If you want to increase the strength and size of your biceps, we have good news: There are plenty of isolation exercises you can add to your routine to increase the size of your arms — and progressive overload is the key to bigger biceps.
The Best Exercise for Bigger Biceps
As with all muscles in the body, you need to create an appropriate training program to increase your biceps size. When your muscle is exposed to the same stimulus or weight, it will adapt over time, according to the National Academy of Sports Medicine (NASM). So, if you're curling the same weight every time you train your biceps, your muscles will adapt and stay the same size — not the goal.
So, to achieve hypertrophy (muscle growth), you need to set up a progressive overload regime, according to NASM. This means that you need to gradually increase the resistance of your weights over time. (Feel free to lift fewer reps if it makes it easier for you to lift more weight.)
There are several exercises that isolate your biceps. You can try standard curls or hammer curls with dumbbells. To add variety, try curling a barbell or using a cable machine. No matter the curl variation, avoid rocking your body and using momentum to lift the dumbbell back up.
In order to increase blood flow and definition in your biceps, you can also implement drop sets in your workout routine, according to the American Council on Exercise. To perform a drop set, repeat an exercise to fatigue. Take a brief rest, decrease the weight and perform the exercise again until you can't perform another rep.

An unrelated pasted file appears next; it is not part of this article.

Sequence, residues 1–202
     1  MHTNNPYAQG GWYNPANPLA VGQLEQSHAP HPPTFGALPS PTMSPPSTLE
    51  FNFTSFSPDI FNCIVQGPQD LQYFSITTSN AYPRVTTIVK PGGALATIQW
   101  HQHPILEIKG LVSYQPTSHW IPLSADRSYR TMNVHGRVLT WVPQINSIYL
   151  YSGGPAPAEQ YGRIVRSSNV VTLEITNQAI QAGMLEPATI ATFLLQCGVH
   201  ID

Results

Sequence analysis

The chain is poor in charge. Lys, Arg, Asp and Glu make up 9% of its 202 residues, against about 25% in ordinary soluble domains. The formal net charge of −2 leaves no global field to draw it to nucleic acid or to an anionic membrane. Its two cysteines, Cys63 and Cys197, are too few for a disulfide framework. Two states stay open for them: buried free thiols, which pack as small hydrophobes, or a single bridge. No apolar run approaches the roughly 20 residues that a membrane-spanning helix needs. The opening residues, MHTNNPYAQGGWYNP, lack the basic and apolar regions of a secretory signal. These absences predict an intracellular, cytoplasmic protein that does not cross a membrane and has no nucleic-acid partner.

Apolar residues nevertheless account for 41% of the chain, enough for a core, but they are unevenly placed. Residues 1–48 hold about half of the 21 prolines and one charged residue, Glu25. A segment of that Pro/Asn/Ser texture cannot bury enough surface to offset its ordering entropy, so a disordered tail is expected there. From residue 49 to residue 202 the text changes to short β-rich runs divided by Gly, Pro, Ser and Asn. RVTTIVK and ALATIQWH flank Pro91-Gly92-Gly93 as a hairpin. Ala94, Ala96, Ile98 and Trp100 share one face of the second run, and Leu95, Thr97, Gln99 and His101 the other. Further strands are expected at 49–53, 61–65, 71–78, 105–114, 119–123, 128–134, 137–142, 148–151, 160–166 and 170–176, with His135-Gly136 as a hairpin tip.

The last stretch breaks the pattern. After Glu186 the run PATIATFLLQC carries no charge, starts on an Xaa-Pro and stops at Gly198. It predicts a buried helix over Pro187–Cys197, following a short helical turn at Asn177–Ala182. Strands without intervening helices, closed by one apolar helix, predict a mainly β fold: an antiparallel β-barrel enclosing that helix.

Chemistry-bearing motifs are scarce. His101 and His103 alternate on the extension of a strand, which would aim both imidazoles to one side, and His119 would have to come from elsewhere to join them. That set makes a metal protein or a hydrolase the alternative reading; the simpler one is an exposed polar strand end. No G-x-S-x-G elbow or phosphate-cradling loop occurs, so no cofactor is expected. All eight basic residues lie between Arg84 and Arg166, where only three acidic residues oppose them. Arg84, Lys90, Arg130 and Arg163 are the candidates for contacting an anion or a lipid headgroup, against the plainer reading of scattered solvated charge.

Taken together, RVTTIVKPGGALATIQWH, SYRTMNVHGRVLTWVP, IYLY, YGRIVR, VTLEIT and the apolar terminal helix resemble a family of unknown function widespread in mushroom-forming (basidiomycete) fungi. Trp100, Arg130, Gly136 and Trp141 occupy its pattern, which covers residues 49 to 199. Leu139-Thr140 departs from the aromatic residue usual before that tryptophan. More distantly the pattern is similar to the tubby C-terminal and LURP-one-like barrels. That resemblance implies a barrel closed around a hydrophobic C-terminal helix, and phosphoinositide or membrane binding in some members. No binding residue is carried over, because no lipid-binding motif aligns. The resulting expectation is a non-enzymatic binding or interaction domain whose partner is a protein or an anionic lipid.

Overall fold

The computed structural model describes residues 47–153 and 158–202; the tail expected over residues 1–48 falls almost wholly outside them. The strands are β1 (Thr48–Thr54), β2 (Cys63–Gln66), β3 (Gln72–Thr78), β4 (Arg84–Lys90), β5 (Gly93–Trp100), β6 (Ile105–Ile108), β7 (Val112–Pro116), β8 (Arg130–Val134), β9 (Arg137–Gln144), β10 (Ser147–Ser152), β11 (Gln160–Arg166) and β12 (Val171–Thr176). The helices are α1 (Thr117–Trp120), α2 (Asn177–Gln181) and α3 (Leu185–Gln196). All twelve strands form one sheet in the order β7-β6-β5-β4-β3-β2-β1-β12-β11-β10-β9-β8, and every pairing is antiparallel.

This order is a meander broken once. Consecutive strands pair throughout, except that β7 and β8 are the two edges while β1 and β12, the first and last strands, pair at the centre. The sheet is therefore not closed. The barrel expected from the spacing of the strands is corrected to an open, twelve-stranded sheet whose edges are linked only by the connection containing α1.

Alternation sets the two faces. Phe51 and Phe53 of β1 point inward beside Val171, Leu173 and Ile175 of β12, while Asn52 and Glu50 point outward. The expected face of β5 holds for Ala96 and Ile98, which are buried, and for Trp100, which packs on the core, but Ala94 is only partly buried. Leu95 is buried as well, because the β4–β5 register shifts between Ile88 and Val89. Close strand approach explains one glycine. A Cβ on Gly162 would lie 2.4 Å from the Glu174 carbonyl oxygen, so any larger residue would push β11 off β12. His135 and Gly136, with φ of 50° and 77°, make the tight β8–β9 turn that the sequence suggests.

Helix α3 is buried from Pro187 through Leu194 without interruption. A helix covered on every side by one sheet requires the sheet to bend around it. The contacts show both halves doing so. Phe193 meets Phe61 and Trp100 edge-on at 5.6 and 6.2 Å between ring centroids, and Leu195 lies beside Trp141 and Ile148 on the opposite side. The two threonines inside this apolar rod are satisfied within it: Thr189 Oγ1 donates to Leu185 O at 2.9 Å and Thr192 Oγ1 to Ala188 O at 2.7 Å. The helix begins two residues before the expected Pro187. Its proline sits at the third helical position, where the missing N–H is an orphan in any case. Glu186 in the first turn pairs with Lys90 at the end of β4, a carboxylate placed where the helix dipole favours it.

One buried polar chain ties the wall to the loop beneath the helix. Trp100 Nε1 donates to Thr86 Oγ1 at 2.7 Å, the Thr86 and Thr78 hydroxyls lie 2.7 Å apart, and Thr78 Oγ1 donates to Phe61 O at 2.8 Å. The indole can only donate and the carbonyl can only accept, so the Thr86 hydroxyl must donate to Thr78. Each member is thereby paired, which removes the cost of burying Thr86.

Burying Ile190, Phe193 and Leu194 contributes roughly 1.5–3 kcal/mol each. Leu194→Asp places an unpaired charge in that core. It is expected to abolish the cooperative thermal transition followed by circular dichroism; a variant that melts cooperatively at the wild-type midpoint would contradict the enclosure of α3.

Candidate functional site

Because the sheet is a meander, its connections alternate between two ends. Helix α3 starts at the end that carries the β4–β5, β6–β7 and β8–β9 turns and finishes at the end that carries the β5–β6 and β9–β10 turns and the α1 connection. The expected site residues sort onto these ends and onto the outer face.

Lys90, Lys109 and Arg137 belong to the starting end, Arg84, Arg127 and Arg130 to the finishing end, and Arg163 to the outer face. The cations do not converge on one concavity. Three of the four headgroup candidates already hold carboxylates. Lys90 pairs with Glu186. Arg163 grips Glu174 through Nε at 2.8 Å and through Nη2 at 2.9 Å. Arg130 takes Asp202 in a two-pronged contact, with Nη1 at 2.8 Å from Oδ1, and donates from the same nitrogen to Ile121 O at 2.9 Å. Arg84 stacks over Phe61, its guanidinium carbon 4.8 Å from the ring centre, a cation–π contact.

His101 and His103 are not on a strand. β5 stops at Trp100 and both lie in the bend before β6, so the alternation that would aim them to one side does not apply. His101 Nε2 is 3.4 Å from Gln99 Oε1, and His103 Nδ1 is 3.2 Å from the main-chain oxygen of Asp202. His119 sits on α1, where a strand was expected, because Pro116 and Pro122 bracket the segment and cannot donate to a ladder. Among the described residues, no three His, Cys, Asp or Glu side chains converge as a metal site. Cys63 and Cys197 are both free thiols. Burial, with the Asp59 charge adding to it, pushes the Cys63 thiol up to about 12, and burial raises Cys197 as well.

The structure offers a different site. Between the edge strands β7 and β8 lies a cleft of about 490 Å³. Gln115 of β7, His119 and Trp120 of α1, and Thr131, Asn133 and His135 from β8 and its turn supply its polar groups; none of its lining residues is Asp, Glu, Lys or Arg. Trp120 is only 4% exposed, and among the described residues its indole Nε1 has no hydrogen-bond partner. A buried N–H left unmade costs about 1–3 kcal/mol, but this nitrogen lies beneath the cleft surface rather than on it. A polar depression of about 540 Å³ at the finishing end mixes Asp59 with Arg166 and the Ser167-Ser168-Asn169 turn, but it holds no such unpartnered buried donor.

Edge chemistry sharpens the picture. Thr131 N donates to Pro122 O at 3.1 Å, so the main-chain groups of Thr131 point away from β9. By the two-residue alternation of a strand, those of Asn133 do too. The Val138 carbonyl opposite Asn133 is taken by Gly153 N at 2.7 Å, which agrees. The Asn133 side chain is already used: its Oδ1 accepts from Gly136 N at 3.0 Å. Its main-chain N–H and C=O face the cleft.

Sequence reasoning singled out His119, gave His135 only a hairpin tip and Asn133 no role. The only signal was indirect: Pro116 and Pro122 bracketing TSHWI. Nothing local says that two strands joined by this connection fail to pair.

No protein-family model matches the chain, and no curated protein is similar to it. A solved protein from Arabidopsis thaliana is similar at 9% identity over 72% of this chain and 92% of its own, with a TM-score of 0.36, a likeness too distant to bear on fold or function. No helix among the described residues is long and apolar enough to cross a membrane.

Read more: Back Compound Exercises
Eating to Increase Biceps Size
The food you eat is just as important as exercise. Without the proper amount protein and carbohydrates, you may lose rather than gain muscle. While you may be packing on the protein in every meal, more is not necessarily better, according to the Academy of Nutrition and Dietetics. Opt for about .37 grams of protein per pound of body weight and choose lean sources of protein like chicken and fish.
Consuming quality carbohydrates is just as important as your protein. Carbohydrates supply your body with glycogen, which your muscles use for energy, according to the Academy of Nutrition and Dietetics. If you're strength training at least twice per week, half of your daily caloric intake (at least) should come from single-ingredient carbs. These include rice, potatoes or other whole grains.
While protein and carbs usually get all of the attention, you shouldn't forget about fat. For optimal overall health and muscle gain, it's important to chose heart-healthy fats like those in olive oil, avocados and nuts.
Read more: 18 Fat-Rich Foods That Are Good for You